The Nizkor Project: Remembering the Holocaust (Shoah)
Nuremberg, war crimes, crimes against humanity

The Trial of German Major War Criminals

Sitting at Nuremberg, Germany
4th April to 15th April, 1946

One Hundred and First Day: Saturday, 6th April, 1946
(Part 5 of 6)

[SIR DAVID MAXWELL FYFE continues his cross examination of Wilhelm Bodewin Johann Gustav Keitel]

[Page 85]

Q. The sabotage service must be people who are going to do sabotage if they are going to be of any use, must they not? They do sabotage, don't they?

A. Undoubtedly, but not by means of airborne troops and parachutists. These are saboteurs such as are in the frontier zones and offer their services for this kind of work. Yes, that is what they are thinking of. We had many such people in the Sudeten region.

Q. I am not going to argue with you but I want to have it clear. I now want to come to the way in which this order of the Fuehrer was announced. You will find the order - the Tribunal will find it on Page 64 - but what I want him to look at if he would be so kind, is Page 66 of the book, Page 25, defendant, of your book. The second sentence of the defendant Jodl "To the Commanders" about this order. That is on Page 25, and defendant Jodl says, "This order is for the commanders only and must not under any circumstances fall into enemy hands." Was it because you and the defendant Jodl were ashamed of the order, that you had this secrecy provision put on it?

A. I have not found it yet, and I would like to know the connection. Page 25 is a teletype letter.

Q. From the Oberkommando Wehrmacht, dated 19th October. Now have you got it, the second sentence.

A. Dated 18th October, 1942?

Q. 19th October, issuing order of the 18th. "This order is for commanders only and must not under any circumstances fall into enemy hands." Was it because you were ashamed of the order, that it was put like that?

A. I have not seen the letter and I think General Jodl should be asked about it. I do not know the contents, but I have already stated the opinion of both of us. I cannot give you the reason.

Q. You can't give me the reason for this secrecy?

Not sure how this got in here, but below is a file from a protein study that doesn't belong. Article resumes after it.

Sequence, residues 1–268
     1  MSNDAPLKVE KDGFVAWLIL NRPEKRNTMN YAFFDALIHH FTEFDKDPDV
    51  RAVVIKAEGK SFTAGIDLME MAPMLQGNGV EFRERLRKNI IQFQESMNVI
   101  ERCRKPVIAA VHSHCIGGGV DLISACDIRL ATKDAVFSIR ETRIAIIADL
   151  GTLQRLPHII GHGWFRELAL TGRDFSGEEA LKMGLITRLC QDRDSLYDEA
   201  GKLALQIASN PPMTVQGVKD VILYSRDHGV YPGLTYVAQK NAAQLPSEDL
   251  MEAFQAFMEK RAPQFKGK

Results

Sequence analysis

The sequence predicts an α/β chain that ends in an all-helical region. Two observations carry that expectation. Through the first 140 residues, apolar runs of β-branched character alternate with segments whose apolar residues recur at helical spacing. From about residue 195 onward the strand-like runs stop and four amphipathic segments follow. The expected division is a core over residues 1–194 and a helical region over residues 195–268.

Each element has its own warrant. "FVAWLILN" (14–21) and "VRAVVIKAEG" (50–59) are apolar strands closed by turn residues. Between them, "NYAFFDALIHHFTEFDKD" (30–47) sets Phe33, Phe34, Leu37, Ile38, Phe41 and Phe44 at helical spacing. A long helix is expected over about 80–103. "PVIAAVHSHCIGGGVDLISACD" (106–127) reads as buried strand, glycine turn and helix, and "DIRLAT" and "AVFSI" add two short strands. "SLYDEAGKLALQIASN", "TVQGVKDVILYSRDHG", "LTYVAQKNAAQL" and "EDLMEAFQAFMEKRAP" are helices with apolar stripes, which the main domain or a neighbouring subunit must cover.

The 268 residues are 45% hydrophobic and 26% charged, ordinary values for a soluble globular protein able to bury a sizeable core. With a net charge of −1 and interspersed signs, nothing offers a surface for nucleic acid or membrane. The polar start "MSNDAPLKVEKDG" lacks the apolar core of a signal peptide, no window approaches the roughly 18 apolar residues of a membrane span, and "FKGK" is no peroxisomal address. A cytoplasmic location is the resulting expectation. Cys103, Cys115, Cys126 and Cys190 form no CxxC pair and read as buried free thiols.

A. I do not know the motives behind it and I would ask you to put this question to General Jodl. I have not seen it. But I have already stated my own views and those of General Jodl.

Q. Well, now, I want you to look at the way that even Hitler expresses it with regard to this. If you look at Page 31, our book, you will see a report from Hitler wherein he says:

"The report which should appear on this subject in the Armed Forces' communiques will state briefly and laconically that a sabotage, terror, or destruction unit has been encountered and exterminated to the last man."
You were doing your best - and when I say "you," I mean you collectively, Hitler, yourself, and Jodl and everyone else concerned - you were doing your best to avoid anything being known about this order, weren't you?

A. That was not my impression. On the contrary, in every case we subsequently published the facts in the Wehrmacht orders, and Wehrmacht reports. It is my recollection that in the Wehrmacht report we stated that such and such an

[Page 86]

incident had occurred, followed by such and such consequences. That is my recollection.

Q. I am now only going to ask you to look at one document further on, because in that regard, you remember after the Soviet Union tried certain people at Kharkov, when you were trying to get up some counter propaganda - now, look at this document, about these executions; it is Page 308, Document UK 57. You have got a copy of it. I am only going to ask you about two incidents. You see it is a memorandum, and the passage that I want you to look at is number 2, the fourth memorandum, paragraph 2, which is headed "Attempted attacks on the Battleship Tirpitz." Do you see that?

A. Just one moment, I have not found it yet. Battleship Tirpitz, oh, yes.

Q. Have you got it? Good, now, listen:

"At the end of October, 1942, a British commando, that had come to Norway in a cutter, had orders to carry out an attack on the Battleship Tirpitz in Drontheim Fjord, by means of a 'two-man torpedo.' The action failed since both torpedoes, which were attached to the cutter, were lost in the stormy sea. From among the crew, consisting of eight men who were English and four Norwegians, a party of three Englishmen and two Norwegians were challenged on the Swedish border; however, only the British seaman in civilian clothes, Robert Paul Evans, born 14th January, 1922, in London, was arrested, the others escaping into Sweden.

Evans had a pistol pouch in his possession, such as are used to carry weapons under the armpit, and also a knuckle duster."